Story at a glance
- Florida students statewide on Thursday staged walkouts to protest the state’s “Don’t Say Gay” bill, which will go to a full floor vote in the Senate next week.
- Under the bill, primary school teachers in Florida would be prohibited from discussing certain LGBTQ+ topics with their students.
- Jack Petocz, the Flagler Palm Coast High School senior who organized Thursday’s protests on social media, said he had been suspended from his school “indefinitely” following the demonstrations.
Students in schools across Florida Thursday staged walkouts to protest the state’s “Don’t Say Gay” bill – set to go before the full state Senate on Monday – that would prohibit primary school educators from engaging in discussions related to sexual orientation or gender identity.
Officially known as the Parental Rights in Education bill, the legislation would restrict mention of LGBTQ+ topics in classrooms that are not “age appropriate or developmentally appropriate for students.” Parents would also be given greater authority to take legal action against school districts believed to be in violation.
“Today, those who will be most impacted by this dangerous piece of legislation — Florida students — mobilized by the thousands to walk out of class and demand a stop to the Don’t Say Gay bill,” the LGBTQ+ advocacy group Equality Florida said Thursday in a statement. “Their courage and resilience is to be applauded as they stand tall in the face of unprecedented bigotry in the legislature that would muzzle their teachers and erase them from classroom discussion.”
Proponents of the bill maintain that the legislation was merely designed to strengthen the rights of parents and give them a larger voice in the child’s education.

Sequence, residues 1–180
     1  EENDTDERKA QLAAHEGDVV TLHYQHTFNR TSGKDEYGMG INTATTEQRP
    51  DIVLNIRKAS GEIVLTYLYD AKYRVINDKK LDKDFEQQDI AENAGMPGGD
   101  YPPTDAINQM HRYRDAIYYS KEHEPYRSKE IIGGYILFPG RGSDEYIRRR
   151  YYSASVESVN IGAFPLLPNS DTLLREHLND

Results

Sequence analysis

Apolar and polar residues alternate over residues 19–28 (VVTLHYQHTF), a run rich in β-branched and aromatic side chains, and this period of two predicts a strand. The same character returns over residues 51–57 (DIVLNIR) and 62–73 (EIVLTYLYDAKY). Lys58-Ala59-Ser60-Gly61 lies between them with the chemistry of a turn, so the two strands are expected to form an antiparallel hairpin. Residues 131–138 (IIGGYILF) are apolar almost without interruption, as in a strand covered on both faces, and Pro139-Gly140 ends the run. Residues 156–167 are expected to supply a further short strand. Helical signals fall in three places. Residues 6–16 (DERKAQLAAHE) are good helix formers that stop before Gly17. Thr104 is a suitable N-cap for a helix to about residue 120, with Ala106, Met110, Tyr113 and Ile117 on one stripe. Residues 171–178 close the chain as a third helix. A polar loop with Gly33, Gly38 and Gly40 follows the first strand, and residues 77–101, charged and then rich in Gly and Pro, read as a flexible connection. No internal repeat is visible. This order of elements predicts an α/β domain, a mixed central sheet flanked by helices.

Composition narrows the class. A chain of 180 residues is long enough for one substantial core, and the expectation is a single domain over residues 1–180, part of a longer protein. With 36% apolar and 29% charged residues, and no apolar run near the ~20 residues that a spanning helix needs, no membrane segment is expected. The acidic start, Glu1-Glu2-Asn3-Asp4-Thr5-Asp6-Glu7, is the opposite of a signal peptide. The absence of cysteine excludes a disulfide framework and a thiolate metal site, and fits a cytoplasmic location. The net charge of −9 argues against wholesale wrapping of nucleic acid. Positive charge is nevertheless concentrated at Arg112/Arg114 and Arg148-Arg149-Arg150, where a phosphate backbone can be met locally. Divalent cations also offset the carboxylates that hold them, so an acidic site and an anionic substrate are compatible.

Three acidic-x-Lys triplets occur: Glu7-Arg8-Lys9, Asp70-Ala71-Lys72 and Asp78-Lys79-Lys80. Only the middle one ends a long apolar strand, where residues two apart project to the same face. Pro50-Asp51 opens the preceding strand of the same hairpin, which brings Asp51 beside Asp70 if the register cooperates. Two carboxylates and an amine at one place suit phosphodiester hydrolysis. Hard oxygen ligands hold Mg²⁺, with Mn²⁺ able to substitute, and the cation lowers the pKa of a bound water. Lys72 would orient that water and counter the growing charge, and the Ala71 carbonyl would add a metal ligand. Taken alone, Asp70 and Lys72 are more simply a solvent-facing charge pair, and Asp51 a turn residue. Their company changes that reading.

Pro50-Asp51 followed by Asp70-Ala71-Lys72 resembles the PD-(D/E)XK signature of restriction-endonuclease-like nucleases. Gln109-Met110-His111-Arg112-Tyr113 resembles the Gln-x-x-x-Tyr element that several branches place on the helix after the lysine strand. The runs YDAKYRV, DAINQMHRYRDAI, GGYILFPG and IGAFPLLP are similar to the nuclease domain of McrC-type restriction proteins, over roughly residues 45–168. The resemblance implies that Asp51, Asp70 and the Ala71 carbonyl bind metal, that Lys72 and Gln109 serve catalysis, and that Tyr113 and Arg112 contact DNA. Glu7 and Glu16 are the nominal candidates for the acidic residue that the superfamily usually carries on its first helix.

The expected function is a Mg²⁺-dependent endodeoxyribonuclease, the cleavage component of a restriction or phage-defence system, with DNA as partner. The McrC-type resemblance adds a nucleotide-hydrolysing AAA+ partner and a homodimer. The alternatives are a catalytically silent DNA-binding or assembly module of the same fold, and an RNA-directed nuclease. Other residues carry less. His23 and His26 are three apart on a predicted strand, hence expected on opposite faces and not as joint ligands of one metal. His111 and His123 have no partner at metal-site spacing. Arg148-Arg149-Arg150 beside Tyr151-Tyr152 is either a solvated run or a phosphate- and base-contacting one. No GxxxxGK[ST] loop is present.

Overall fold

“I am really amazed at how something so simple turned into this,” State Sen. Dennis Baxley (R), the sponsor of the bill’s companion legislation in the Senate, said Monday just before the House bill was passed by its final committee.
Baxley, who identified himself during the committee meeting as “a guy who doesn’t hate anyone,” added that the bill’s anti-LGBTQ+ sentiment has been completely “fabricated by the media.”
“This does one simple thing – it decides who’s in charge,” he said. “I’m not trying to demonize anybody, I’m not trying to negate the values of teachers. I’m just trying to come back to center point. Parents must be in charge of these decisions.”
During a House vote in late February, the bill’s sponsor, Rep. Joe Harding (R) said: “I believe in the idea that creating boundaries at an early age of what it’s appropriate in our schools – when we are funding our schools – is not hate.”
In a statement on Twitter, Jack Petocz, the Flagler Palm Coast High School senior who organized Thursday’s protests on social media, called the bill “homophobic and discriminatory” and commended students across the state for pushing back against “regressive” legislation like “Don’t Say Gay.”
“We must let our politicians know that no matter how hard they try, they cannot suppress our identities or silence our voices,” he wrote. “Gen-Z will not stand idly by as our rights are stripped from us. It is now up to you to decide which side of history you will be on, the side that empowers us or the side that seeks to erase us.”
Petocz said after the rally at his own school, he was escorted off school grounds by school administrators and suspended indefinitely, despite having received prior approval from the school to hold the demonstration. According to the student’s statement on Twitter, he had been punished for distributing pride flags during the rally, which were confiscated by school officials.
“I believe this attempt to threaten me and remove me from campus is riddled with homophobia and bigotry,” Petocz, who is gay, told NBC News. “You’re silencing a queer student standing up for what he believes in, in his rights, and you’re disciplining him for challenging you on the allowance of pride flags in a gay rally? It’s ridiculous. It truly is.”
Should the bill pass next week in the state Senate, it will head to the desk of Florida Gov. Ron DeSantis (R), where it is expected to be signed into law.
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